I didn’t hear the recent speech, but what I’ve heard [from the White House] through the years are policies that are very much consistent and compatible with supply-side economic thinking. Accelerated depreciation, for example.  If he wants to see businesses invested in hiring, [Obama] says, We’ll give them accelerated depreciation so they can write off in a single year the depreciation for investment in new capital! OK, but if the customers aren’t there, why are businesses who are sitting on record levels of corporate profits — and they’ve got cash sitting on the sidelines — why do you believe that they’re gonna go out and expand productive capacity, buy new machines, build new factories and so forth if the demand isn’t there? They won’t.

Are the solutions you think we should've adopted back in the beginning of the Obama presidency still relevant to the economy today? Would they still make a big difference, or is the context too different?

I don’t think there’s anything that beats a payroll tax cut or a full payroll tax holiday. The stimulative effect from a policy like that is pretty immediate and substantial ... It has almost the same effect as debt forgiveness. If you increase the income by 6.2 percent, so many of the Americans who are struggling with student loan debt, credit card debt, mortgage debt and so forth, you’re gonna use a substantial portion of that to pay down debt. So you’re getting that kind of both sides of the coin. You’re allowing people to deal with what remains a huge private-sector debt problem, and also for those who aren’t struggling with that, well, there’s the stimulative effect of increased income leading to increased spending.

One of the policies I push wherever I go is infrastructure spending. That’s one of those things that in the old days had broad bipartisan support. Both sides of the aisle understood that infrastructure is one of those things that government does. It was not considered a wasteful type of spending. ... The estimate now is that we need to spend around $3.6 trillion improving our nation’s bridges, levies, ports, water treatment facilities, hospitals, schools — the whole of our infrastructure. It’s $3.6 trillion of useful work, 25 million Americans who want full-time work and can’t find it, lots of spare capacity in our factories ... Plenty of raw materials, no inflation forecast, no problematic inflation forecast anywhere on the horizon...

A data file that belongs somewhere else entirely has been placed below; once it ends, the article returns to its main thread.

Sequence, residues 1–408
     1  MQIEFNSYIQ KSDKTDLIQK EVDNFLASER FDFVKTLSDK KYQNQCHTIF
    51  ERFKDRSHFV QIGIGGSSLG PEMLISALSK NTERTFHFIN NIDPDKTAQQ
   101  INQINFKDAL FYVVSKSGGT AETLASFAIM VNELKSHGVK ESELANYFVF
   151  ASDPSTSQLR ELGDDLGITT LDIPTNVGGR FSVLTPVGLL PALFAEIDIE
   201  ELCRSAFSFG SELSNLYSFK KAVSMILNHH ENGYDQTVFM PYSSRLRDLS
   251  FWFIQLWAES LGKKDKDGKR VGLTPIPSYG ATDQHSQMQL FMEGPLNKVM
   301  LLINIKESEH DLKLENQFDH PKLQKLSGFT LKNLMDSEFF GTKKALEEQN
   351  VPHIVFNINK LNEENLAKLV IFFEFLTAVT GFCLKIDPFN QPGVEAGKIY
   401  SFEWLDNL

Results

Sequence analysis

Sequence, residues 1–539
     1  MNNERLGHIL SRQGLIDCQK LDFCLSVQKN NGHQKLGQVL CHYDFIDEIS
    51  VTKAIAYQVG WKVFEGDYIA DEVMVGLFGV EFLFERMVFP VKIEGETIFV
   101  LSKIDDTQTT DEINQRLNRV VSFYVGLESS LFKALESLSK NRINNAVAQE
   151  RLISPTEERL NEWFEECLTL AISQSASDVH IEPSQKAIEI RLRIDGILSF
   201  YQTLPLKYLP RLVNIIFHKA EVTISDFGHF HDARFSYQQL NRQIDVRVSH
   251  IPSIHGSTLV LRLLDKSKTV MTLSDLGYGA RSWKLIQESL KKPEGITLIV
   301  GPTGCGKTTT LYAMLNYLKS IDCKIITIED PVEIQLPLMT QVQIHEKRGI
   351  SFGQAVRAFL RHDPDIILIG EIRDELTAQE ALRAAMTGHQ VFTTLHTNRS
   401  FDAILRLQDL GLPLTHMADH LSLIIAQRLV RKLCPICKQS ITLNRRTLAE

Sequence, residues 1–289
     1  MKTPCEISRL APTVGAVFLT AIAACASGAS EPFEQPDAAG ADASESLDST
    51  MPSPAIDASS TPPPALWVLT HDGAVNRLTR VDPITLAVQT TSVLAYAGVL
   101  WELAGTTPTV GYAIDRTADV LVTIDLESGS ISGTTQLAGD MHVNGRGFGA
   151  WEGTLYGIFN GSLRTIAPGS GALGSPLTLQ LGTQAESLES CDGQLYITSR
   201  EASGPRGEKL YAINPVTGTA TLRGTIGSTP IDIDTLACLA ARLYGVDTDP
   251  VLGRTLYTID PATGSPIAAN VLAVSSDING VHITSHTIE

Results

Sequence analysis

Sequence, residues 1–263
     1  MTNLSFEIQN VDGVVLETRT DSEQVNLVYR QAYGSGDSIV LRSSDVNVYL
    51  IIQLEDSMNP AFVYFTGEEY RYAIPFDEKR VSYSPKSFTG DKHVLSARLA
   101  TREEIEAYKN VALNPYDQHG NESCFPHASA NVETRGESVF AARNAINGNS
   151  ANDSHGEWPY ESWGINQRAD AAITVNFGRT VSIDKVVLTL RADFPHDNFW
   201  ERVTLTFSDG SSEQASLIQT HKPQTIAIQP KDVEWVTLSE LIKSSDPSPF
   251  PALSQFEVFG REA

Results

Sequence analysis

There's no reason not to do it, except that everything has to be done in a revenue-neutral way now ... and all this nonsense that keeps us from doing what we should be doing.

One last thing: I've read in some places that the U.S. economy, despite just barely getting back to around where it was six years ago, is already due for another recession. Is that something you're worried about or is that not what we need to be concerned with right now?

Personally, I'm beginning to find my discomfort zone. I’m getting increasingly concerned. The reason is that the amount of fiscal drag that we are applying to the economy because of fiscal caps and the sequester. We’ve got austerity. We do. The deficit is falling faster than at any time since demobilization, and we know what happened after demobilization [following the end of World War II]: We went back into recession.

The deficit’s falling way too fast, and more importantly, it’s falling for the wrong reasons. It’s not falling because the economy is growing robustly, we have impressive job growth, people are getting jobs at high incomes, their tax revenues are pouring in and we’re no longer paying to support the unemployed. That’s the deficit falling for the right reasons. Right now, it’s falling for the wrong reasons, and I don’t see what’s supposed to replace the deficit spending.

The contribution to the economy that was coming from the government running deficits has to be [compensated for] by something else, or the economy goes down. If we had a strong private-sector credit cycle underway, where households and firms were borrowing and spending to finance spending in excess of their current earnings, then we'd get growth, because it’s driven by the private sector. That’s fine — look what happened in the late ‘90s and early [aughts] ... the private sector ran the deficits, the public sector went into surplus, and ... we had strong growth, low unemployment, high productivity, low inflation; the whole Goldilocks economy thing.

But I don't see that strong credit cycle from the private sector [right now]. In fact, it looks like the private sector credit cycle has started to stall out, and that’s what’s worrying me.

By Elias Isquith

Elias Isquith is a former Salon staff writer.

MORE FROM Elias Isquith